Effortlessly eternal, Jack Name’s Weird Moons harnesses the same joyous commitment to polyglot musical experimentalism of the likes of Thee Oh Sees and Ty Segall. Simultaneously evoking both the creaky wonder of lo-fi bedroom recordings and the organic richness of early 1970s “big board” recording studios, such as L.A.’s Sound City, it displays a masterful understanding of both songwriting and audio craft. These elements, coupled to his obvious exuberance at the creative potential of the arts at his disposal, make for an intoxicating and powerful mix.
Enigmatic, and prone to the same promiscuity of naming that keeps fans of the Parquet Courts on their toes, Jack Name has released recordings under several different monikers. This choice is, we are told, a conscious one, reflecting as it does his current feeling that, regardless of status (he has worked with the likes of Ariel Pink, Cass McCombs and Tim Presley), his identity is only as important the sonic explorations he undertakes.
It is fitting then that this man of many appellations should make such an album as this, with its many facets and styles.
The Mothers, Suicide, early Pink Floyd, early Neil Young, The Eagles, Syd Barrett, The Human League, Aphex Twin, Gong; if you want to waste your time, it is possible to detect snippets and influences from a huge range of artists. To do this, however, would miss the point. This album is not an assemblage of blankly drawn caricatures that relies on notions of recognition to make it work. On the contrary, Weird Moons is in fact a work of reinvention, in the great tradition of musical experimentation, that stands outside and beyond constraints of genre and era to give us something new and fresh. Aware of legacy and history, Name uses an awareness of the musical canon to produce something more robust and groundbreaking. In this, he is treading a path well trod, as artists have always used reinterpretation and recontextualisation of the seminal to invent things anew.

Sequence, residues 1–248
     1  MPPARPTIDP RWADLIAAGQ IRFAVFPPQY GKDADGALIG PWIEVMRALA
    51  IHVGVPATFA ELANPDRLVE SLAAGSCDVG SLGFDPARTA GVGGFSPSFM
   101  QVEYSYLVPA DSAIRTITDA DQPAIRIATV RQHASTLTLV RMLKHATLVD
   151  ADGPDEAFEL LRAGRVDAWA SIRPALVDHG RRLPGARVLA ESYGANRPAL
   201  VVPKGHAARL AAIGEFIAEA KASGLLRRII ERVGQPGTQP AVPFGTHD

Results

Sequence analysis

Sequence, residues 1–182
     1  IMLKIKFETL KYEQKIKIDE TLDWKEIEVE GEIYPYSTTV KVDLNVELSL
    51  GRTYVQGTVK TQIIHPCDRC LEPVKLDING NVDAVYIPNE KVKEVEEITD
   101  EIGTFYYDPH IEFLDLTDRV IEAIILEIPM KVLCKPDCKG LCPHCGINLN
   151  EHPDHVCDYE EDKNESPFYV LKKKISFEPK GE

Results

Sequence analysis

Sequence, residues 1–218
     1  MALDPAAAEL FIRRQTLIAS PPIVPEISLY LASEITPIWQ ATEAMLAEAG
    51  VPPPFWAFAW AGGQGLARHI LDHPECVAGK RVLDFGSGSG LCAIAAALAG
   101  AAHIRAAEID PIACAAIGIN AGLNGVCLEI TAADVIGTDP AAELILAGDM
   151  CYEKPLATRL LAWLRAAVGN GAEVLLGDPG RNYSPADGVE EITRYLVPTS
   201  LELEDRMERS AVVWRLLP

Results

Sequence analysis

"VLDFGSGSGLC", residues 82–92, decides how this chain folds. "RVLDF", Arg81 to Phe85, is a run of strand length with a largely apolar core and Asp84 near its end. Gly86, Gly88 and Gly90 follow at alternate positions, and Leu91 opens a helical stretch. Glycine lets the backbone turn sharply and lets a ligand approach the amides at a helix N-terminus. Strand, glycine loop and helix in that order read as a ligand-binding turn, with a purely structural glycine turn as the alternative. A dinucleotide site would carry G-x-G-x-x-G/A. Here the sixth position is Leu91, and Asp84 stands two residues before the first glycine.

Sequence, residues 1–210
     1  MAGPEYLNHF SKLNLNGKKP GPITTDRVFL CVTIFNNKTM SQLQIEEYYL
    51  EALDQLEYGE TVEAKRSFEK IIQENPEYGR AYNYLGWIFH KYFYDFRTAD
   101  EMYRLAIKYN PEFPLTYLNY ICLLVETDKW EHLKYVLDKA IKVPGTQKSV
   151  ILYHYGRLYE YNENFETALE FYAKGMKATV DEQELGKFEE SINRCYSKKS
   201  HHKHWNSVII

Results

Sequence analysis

Although there are a multiplicity of stylistic references throughout, these occur more as sounds absorbed and enjoyed, triggers for inspiration, rather than stale facsimiles. Be it the eerie ’60s psychedelia of “Werewolf Factory”, with its plodding, slack bass and echoey guitar melody lines juxtaposed with odd vocal harmonies, or the dark-tech early ’80s electronic fuzz of “Watcher Talk”, this is an album of oblique turns and skillful balance. Throughout, despite the wide ranging nature of the musical cues, hegemony and integrity are maintained.
All in all, there is something unearthly about the recent music of Jack Name. Where his album Light Show, which appeared in early 2014 on Drag City, is described as lifting off over an alien planet, this release is perhaps best seen as an exploration of our own planet’s underworld of occult creatures, religion and spooky happenings: a place where a new moon is a portent supernatural occurrences and mysterious forces hold sway. With references to a range of sources, from Greek mythology to the Old Testament, it appears that the intellectual muses are as wide ranging as the musical ones and that their deployment is equally free.
A good example of this are the lyrics for the track “Running After Ganymede”. Driven by a desire to explore his concerns with the primacy of creativity over status and label, the artist appears to evoke ancient Greek myth: Humble Ganymede, tended sheep as a boy before being abducted by Zeus and taken to the home of the Gods, Mount Olympus. Once there Ganymede is given the task of cupbearer to the Gods and, in poetic terms, became a symbol for the beautiful young male who attracts desire and love.
For these purposes, Ganymede may be seen as an archetype for someone propelled upwards and away from their modest origins into an alien world of Gods and super-beings where he is desired and courted for his more superficial attributes. Containing the biblical Watchers, deep space exploration and the aforementioned ancient Greek mythology, the confused origins of the lyrics of this song serve only to enhance to potency of the track. It is also worth noting that Ganymede is also the name of a satellite of Jupiter and the largest moon in the solar system.
Whatever the intent or explanation, this is a beguiling track that, like the rest of Weird Moons, keeps you guessing both musically and conceptually. Essentially postmodern in its use of all and everything in the pursuit of expression it avoids the the pit falls of cold, awkward self-consciousness that can come with this approach.
Engaging from the first listen, Weird Moons rewards more with each and every play.